UTPA, working with NASA, leads cutting-edge research in jet turbine efficiency
Posted: 05/15/2003
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The University of Texas-Pan American and the National Aeronautics Space Administration (NASA) Glenn Research Center are combining their efforts in revolutionary research that could save the airline industry and the military hundreds of millions of dollars. The research expects to show a dramatic reduction in fuel consumption and extended periods between turbine engine overhauls as turbine tip clearance within the aircraft propulsion system is made more efficient.

Dr. Javier Kypuros, assistant professor of Mechanical Engineering at UTPA was chosen among candidates from all over the nation to work with the NASA Glenn Research Center located at Lewis Field in Cleveland, Ohio on a summer faculty fellowship in 2002.

Kypuros' qualifications made him the best choice for the fellowship. Because of his strong research in control systems, dynamic modeling and heat transference NASA Glenn invited him to work with them on the turbine tip clearance project. At the end of his fellowship they provided him with a grant and asked him to continue his research.

Kypuros is working closely with Kevin Melcher, research engineer at NASA Glenn, to develop mathematical models and numerical simulations appropriate for prototyping and designing such advanced systems.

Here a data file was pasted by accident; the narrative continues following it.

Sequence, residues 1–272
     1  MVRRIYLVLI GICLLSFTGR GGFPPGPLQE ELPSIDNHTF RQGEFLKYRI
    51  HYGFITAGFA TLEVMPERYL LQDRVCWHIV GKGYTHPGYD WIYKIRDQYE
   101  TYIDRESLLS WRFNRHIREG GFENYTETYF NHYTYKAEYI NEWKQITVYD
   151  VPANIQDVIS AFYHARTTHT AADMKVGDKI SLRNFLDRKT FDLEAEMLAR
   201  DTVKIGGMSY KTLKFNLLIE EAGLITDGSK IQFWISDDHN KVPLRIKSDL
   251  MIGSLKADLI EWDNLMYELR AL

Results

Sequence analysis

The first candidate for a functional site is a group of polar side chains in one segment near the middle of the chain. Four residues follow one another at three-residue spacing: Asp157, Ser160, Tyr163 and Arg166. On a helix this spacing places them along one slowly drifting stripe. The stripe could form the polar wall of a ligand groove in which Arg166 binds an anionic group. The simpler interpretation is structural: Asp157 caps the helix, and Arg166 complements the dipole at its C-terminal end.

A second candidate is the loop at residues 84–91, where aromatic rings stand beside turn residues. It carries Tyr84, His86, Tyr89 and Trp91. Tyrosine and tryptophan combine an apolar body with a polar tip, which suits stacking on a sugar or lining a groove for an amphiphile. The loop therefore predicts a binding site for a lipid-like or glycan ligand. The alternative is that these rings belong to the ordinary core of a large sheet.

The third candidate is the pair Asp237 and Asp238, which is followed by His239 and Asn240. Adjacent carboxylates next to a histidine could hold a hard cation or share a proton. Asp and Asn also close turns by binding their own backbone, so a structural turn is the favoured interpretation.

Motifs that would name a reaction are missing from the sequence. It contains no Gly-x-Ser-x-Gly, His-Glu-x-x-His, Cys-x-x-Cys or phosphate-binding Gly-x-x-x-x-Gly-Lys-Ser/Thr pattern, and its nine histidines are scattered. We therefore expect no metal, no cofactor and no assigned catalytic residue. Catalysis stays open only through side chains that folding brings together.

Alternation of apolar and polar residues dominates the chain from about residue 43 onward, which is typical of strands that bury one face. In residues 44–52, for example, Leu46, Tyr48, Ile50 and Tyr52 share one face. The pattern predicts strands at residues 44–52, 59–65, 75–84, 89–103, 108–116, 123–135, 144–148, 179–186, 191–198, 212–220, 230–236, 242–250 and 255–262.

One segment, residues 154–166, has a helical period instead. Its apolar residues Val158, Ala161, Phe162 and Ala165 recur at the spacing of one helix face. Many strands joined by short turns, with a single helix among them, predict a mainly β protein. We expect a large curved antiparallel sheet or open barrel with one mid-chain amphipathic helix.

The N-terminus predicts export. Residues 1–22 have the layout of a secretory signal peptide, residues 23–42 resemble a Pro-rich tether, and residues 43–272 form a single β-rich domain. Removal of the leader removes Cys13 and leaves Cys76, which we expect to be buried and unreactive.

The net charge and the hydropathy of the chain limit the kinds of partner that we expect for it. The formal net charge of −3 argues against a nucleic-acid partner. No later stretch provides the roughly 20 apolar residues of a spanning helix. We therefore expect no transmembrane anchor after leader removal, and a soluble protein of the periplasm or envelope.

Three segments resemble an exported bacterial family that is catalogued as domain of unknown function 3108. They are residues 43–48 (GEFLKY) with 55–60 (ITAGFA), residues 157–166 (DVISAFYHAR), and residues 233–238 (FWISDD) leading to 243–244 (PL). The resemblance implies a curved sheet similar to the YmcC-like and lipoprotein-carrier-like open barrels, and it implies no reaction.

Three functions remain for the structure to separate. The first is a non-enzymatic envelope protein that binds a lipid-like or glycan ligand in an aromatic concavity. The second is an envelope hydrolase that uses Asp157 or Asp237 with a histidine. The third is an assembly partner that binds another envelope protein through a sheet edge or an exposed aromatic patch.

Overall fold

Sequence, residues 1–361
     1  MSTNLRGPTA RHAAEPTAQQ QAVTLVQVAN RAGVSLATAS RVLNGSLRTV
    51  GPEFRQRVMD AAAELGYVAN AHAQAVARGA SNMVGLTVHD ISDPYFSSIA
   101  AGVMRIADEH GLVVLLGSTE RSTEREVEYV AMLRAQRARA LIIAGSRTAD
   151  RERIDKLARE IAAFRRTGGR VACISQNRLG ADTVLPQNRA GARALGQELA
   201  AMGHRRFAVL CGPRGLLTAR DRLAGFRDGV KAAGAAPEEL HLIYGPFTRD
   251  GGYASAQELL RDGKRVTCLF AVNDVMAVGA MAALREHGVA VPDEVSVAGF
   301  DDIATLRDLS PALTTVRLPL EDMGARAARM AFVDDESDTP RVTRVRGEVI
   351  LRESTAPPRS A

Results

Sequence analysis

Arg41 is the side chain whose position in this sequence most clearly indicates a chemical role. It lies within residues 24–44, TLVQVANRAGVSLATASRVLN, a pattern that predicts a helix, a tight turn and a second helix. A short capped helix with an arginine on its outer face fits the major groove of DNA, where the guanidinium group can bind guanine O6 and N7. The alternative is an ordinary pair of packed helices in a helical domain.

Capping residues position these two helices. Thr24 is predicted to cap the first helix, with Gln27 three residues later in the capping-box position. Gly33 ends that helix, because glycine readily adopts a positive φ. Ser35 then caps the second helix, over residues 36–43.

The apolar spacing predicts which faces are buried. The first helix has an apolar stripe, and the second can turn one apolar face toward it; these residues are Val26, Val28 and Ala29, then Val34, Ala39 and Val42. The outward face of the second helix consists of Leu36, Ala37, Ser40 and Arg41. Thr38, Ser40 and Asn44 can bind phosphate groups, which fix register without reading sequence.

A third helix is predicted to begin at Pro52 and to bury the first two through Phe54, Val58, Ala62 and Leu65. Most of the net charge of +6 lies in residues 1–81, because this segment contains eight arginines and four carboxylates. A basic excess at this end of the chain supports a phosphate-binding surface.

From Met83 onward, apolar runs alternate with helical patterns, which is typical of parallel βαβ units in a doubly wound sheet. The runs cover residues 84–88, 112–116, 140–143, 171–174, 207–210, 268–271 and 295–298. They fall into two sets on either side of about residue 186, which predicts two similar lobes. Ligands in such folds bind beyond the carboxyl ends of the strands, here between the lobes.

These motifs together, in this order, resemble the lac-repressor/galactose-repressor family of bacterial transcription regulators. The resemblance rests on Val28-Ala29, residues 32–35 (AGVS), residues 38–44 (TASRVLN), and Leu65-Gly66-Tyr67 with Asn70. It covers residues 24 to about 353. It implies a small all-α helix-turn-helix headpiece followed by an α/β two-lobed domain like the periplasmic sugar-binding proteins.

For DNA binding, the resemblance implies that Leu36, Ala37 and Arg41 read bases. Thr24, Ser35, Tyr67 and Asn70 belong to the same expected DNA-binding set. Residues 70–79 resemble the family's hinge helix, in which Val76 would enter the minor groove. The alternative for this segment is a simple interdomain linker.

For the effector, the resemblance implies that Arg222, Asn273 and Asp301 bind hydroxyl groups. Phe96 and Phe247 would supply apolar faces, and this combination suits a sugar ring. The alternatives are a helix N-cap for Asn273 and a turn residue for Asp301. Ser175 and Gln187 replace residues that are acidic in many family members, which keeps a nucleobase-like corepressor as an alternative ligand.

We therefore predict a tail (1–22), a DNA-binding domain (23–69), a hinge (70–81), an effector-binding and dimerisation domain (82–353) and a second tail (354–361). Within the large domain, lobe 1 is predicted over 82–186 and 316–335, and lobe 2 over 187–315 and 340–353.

"I'm building a mathematical model to create a more effective tip clearance within the turbine, ultimately resulting in a more efficient consumption of fuel and longer terms between maintenance. If this initial research proves feasible NASA Glenn will solicit the private sector to expand on the research," Kypuros said. "In as early as 15-20 years we could be saving several million dollars per year in commercial and military airline industries."

The early research is attempting to develop models of the turbine blade dynamics. The software will serve as a virtual model (or numerical) test-bed for prototyping actuator and controller technologies. These technologies promise to optimize control of the turbine tip clearance within the propulsion housing, hopefully proving more fuel efficient and less demanding on engines. The extensive impact of this research isn't isolated to airline companies and military aircraft, but it will also facilitate the development of future technologies implemented by gas turbine manufactures.

Aeropropulsion is just one of many areas of research that the NASA Glenn Research Center works in partnership with government, industry and academia to develop critical technologies. Through its collaboration with outside institutions, the research center has won many awards including an EMMY, a Collier Trophy, and the 1996 and 2002 Invention of the Year Awards.